On Aug. 11, “Jeopardy!” officials announced that executive producer Mike Richards would take over regular hosting duties while actress and neuroscientist Mayim Bialik would host primetime specials. A little more than a week later, Richards stepped down from the gig after clips of past racist remarks began circulating on the internet.
Soon people began calling for Bialik’s resignation as well, citing an op-ed she wrote for “The New York Times” in 2017 titled “Being a Feminist in Harvey Weinstein’s World.” The op-ed met almost immediate backlash, with many critics saying that Bialik’s piece blamed victims for their sexual assault. Bialik issued an apology.
Another concern was Bialik’s endorsement of the brain supplement Neuriva, which some say improves brain function. The supplement is considered pseudoscience by many in the science community. Many fans have argued that Bialik, who holds a doctoral degree in neuroscience, should know better than to endorse such a product.
“And while we’re at it, keep in mind that Mayim Bialik, though vaccinated, spreads vaccine doubt and hawks brain quackery,” said journalist Jeff Jarvis on Twitter. “She is no representative for a show about facts and authority.”
Bialik and Richards are just two of the recent victims of cancel culture, in which notable people are “canceled” for past mistakes and for holding controversial opinions. From famous athletes to historical figures (including Abraham Lincoln), anyone who so much as says something controversial today is subject to being canceled.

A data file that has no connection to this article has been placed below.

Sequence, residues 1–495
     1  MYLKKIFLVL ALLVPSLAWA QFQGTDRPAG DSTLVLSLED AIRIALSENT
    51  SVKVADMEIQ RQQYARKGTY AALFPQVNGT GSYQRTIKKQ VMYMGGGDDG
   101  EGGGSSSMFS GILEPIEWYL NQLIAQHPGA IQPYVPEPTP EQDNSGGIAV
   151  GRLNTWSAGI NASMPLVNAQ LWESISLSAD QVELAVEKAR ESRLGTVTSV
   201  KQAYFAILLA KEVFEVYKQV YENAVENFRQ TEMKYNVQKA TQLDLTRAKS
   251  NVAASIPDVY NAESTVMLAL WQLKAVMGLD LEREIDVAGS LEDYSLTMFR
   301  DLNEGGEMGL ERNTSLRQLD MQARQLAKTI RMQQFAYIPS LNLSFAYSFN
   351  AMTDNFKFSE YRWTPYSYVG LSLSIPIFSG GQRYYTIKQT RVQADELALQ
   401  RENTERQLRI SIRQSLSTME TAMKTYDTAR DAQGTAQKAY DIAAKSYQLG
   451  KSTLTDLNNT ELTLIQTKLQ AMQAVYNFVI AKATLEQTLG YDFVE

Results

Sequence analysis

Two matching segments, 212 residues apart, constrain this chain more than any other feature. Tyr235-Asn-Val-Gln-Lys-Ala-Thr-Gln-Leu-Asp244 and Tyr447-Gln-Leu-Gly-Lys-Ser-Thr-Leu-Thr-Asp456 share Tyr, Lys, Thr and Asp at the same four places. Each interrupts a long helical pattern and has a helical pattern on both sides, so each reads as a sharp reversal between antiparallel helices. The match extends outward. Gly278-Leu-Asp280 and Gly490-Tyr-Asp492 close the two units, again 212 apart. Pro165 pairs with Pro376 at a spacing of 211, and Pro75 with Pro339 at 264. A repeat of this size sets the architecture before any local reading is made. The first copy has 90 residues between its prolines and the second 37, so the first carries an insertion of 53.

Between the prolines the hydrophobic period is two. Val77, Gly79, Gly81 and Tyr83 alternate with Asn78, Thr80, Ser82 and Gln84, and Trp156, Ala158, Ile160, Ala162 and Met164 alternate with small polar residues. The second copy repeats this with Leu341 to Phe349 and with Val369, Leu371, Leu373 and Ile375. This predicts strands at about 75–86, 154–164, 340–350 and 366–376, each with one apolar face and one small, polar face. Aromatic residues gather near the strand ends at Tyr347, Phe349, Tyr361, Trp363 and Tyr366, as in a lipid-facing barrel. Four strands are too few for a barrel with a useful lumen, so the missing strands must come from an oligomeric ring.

Merriam Webster defines cancel culture as “to stop giving support to [a] person…due to the person in question having expressed an objectionable opinion, or having conducted themselves in a way that is unacceptable.”
In other words, cancel culture began as a way to make people take accountability for their words and actions. However, prohibiting someone from having a radical opinion isn’t taking accountability; it’s censorship. It’s a form of totalitarianism, in which everyone must think and act according to a specific set of social norms. Repressing someone’s opinions because they differ from one’s own is something straight out of George Orwell’s novel “1984.”
If anyone should take accountability, it’s our society which has not only made it acceptable to cancel someone based on different opinions, but commonplace as well. No matter how good one’s intentions may be, canceling someone because he or she holds an unfavored opinion is not how a progressive society behaves, but rather the basis for an oppressive society.
Free speech and cancel culture cannot coexist.